Martin Reid of the College of Occupational Therapists (COT) tells the story of Conference 2016, revealing that it was the biggest ever conference delivered by the OT, and that it trended on Twitter each day (inspite of the major news stories in the UK at the end of June).read more
Keir Harding was the recipient of this year’s COT Pearson Award for education, research or continuing professional development, an award which funded Keir’s attendance at the British and Irish Group for Study of Personality Disorders annual conference (BIGSPD). Here, Keir talks about applying for this award and the impact that ‘healing through doing’ can have on an individual's life.
Receiving the Pearson award was a fantastic occasion for me. Five of us had applied to present at the British and Irish Group for the Study of Personality Disorder annual conference on the Isle of Man. We were so proud when our abstract was accepted but as time drew on it became apparent that there was no money for any of us to go.
Desperate to find any way to make our presentation happen I found the Pearson award on the COT website and spent an hour filling the form in. To find out that I’d be receiving the award, that our presentation would go ahead and that I wouldn’t have to phone the organisers sheepishly telling them we were withdrawing was a massive relief. It did come with the anxiety that I would now have to do a 90-minute, 5-man presentation on my own.
Talking about Ymlaen
The conference was coproduced with service users and it was wonderful to be in an environment where the lived experience of personality disorder was valued as much as its academic study. I went to the conference to talk about Ymlaen, the day therapeutic community we run in Cardiff.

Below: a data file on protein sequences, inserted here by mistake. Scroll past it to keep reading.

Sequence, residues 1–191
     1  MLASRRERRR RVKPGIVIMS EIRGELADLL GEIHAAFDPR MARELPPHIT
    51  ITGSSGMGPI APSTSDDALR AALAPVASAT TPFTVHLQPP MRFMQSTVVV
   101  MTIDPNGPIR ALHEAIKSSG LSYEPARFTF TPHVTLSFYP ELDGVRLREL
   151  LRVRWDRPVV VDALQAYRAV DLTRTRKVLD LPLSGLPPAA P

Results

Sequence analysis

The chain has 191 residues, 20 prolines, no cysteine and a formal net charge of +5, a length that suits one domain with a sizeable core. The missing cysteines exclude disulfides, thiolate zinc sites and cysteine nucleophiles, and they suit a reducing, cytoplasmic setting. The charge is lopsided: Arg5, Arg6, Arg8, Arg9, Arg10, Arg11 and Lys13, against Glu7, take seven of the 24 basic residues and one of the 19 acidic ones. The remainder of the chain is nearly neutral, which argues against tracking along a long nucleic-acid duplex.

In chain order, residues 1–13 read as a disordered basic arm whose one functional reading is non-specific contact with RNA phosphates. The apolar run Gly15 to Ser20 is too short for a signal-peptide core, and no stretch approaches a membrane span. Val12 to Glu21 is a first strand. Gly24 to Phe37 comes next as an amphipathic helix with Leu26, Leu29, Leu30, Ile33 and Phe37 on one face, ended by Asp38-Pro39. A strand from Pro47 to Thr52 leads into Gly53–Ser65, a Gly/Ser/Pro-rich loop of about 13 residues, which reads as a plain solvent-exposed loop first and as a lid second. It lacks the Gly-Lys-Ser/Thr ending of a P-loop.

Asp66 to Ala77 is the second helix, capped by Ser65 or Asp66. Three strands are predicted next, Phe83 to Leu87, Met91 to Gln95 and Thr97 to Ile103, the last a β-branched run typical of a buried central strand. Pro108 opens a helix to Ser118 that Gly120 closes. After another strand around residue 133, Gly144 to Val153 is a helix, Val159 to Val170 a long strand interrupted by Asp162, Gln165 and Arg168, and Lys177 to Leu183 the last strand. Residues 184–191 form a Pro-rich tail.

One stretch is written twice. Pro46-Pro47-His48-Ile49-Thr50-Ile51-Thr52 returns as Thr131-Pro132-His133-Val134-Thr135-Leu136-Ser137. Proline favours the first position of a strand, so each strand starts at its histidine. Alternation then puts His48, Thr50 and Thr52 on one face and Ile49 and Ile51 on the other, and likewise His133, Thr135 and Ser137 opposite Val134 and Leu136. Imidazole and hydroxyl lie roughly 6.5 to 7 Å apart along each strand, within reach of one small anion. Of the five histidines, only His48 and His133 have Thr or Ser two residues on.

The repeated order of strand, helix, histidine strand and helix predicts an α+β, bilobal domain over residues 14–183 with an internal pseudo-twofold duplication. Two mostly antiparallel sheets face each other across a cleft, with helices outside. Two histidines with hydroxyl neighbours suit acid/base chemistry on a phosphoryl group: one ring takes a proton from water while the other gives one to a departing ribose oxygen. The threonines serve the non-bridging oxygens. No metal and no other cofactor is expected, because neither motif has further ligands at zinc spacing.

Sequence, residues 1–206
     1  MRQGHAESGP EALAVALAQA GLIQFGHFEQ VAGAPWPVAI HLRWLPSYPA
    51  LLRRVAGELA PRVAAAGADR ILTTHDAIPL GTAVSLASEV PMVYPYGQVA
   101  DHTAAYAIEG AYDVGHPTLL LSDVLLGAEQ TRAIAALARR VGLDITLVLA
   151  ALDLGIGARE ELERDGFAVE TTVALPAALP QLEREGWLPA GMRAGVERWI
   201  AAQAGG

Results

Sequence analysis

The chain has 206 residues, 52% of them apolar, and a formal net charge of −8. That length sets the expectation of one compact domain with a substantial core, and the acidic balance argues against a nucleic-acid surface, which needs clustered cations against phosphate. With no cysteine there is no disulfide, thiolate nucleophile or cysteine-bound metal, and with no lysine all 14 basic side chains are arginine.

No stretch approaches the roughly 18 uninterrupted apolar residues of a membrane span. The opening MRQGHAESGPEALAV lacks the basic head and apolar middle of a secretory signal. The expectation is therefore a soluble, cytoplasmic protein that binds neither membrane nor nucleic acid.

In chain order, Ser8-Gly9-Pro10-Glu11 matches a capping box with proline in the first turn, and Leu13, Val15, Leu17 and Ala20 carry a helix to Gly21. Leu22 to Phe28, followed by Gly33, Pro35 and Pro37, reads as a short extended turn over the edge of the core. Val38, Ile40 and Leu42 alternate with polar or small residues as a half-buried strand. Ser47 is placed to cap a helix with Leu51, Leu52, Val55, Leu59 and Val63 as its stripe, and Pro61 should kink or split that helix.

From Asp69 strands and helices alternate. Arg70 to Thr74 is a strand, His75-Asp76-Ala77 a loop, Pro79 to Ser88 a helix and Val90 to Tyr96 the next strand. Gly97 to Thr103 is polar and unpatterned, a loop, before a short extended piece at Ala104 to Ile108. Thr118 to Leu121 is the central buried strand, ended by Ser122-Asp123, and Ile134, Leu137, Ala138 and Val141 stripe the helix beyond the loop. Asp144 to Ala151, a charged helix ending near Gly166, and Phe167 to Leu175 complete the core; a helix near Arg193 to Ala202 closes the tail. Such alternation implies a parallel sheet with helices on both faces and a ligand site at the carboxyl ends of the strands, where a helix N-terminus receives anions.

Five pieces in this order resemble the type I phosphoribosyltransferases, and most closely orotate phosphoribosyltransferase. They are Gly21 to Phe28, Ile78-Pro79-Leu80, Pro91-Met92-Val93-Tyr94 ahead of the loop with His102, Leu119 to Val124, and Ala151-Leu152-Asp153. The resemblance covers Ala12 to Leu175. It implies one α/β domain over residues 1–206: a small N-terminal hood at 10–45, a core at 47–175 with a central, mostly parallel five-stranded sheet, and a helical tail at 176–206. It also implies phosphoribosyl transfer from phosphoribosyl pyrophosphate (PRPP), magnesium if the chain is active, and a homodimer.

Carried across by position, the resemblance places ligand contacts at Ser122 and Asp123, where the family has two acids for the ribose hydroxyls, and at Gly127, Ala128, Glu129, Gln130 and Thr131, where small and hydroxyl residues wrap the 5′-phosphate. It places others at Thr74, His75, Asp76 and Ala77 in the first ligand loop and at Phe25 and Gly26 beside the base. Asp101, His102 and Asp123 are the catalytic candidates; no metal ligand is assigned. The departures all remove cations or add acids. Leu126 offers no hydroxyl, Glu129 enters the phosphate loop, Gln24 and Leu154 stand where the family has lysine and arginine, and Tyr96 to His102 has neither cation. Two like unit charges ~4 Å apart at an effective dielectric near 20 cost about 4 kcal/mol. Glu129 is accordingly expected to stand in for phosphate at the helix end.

Most therapies have an expert who dispenses their wisdom to someone who is seeking change. People with personality disorder frequently struggle with traditional therapies because the people who should have cared for them abandoned, neglected or violated them. How do you trust people who are supposed to help after that?
Ymlaen takes away the carer/cared for dynamic. We see the service users as the experts in their difficulties and so they make all the decisions in the group. We vote on all our decisions and as the staff are outnumbered by the group members, it is they who hold the power.
Belonging and acceptance
The group is owned by the members with each of them being elected into roles that allow the day to function. These roles range from greeting new members to chairing the meetings. It’s wonderful to see people who couldn’t speak when they first came later telling the staff to stop talking. Because members are chosen and supported by their peers, they feel an incredible sense of belonging and acceptance. Because they feel so supported, they are able to hear and act on stark feedback from their peers which would be unacceptable if staff said it. We have seen people leaving abusive relationships, go record times without self-harming and massively reduce their inpatient admissions.
I went to BIGSPD to talk about the evidence base for this type of intervention, how we managed to get it set up, what the staff do in the service and our results so far. People were particularly interested in how we had persuaded an organisation that focused on protocols and set ways of doing things to support a group where our response to every situation was “we will talk about it and decide”.